Suicide is the second leading cause of death among ages 10-24 (CDC); second only to unintentional injuries. Children ages 10-14 are our 5th, 6th, 7th, and 8th graders. While this seems inconceivable, it is an unfortunate reality.
Recently, the St. Marys Area School District hosted a joint in-service with Johnsonburg Area School District. Don Hockman, who lost his son to suicide just over a year ago, very courageously shared his experience. At the Ridgway Area School District, alongside her mother (Jen), Brittany Standeven, who lost both her father and her sister to suicide, courageously shared her experience regarding this silent epidemic. Dickinson Center, Inc. (DCI) in conjunction with Alcohol and Drug Abuse Services (ADAS) provided education to the area school districts' faculty regarding depression awareness and suicide prevention. Both the Signs Of Suicide® (SOS) Prevention Program and the state-wide Student Assistance Program (SAP) were outlined. Staff were educated on what to look for and when to report. Together DCI and ADAS explained that often mental health and drug and alcohol use and abuse go hand in hand. The agencies stressed early identification as key in prevention. The sooner that changes in behavior or concerns regarding a history of trauma are addressed, the better the chances of avoiding exacerbated concerns later in life, such as major depressive disorder and addiction.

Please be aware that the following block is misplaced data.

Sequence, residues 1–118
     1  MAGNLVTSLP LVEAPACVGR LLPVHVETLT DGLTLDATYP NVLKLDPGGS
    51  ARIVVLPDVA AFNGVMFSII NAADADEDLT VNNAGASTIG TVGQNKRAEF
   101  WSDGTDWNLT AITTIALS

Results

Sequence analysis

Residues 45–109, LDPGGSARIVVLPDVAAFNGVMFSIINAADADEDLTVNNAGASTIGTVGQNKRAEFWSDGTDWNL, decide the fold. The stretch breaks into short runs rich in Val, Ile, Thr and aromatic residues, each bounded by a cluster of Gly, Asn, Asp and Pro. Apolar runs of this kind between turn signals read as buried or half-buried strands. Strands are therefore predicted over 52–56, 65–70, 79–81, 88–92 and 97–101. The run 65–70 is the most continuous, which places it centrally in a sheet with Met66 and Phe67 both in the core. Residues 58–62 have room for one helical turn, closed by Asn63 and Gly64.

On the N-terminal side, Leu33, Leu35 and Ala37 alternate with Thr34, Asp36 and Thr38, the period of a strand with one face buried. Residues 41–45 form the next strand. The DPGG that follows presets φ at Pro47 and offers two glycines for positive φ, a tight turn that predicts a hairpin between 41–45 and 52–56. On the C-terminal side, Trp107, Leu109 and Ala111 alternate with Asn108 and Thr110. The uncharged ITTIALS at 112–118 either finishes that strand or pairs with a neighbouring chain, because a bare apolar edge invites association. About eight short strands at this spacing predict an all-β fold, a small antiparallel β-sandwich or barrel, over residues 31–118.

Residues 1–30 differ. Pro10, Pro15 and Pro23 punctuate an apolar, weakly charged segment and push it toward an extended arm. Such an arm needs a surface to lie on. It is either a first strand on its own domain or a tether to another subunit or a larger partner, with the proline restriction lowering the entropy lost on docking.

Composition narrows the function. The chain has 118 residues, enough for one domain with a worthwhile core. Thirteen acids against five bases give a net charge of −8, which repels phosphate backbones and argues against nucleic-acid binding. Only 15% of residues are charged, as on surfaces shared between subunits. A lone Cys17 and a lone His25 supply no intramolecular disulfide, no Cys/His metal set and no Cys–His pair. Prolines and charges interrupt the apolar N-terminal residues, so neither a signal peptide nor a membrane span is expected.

If you or someone you know:
- Threatens suicide
- Talks about wanting to die
- Shows changes in behavior, appearance, or mood
- Abuses drugs or alcohol
- Is withdrawing from family and friends
- Deliberately injures themselves
- Is experiencing changes in sleep patterns, and/or with weight/appetite
- Appears depressed, sad, or withdrawn
- Has lost interest or pleasure in usual activities
- Is highly anxious, irritable, and/or agitated
- Has a history of trauma (ex. Childhood abuse or neglect; war and other forms of violence; grief and loss; physical, sexual, or emotional abuse; accidents and natural disasters; and medical interventions)
You can help:
- Stay calm and listen
- Let them talk about their feelings
- Be accepting; don’t judge
- Ask if they have suicidal thoughts
- Take threats seriously
- Don’t be sworn to secrecy
- ACT! (Acknowledge the problem, respond with Care, Tell a trusted adult)
To learn more about suicide prevention or other programs and services that Dickinson’s Children’s Prevention Services offers, contact Tana Funair at 834-2602.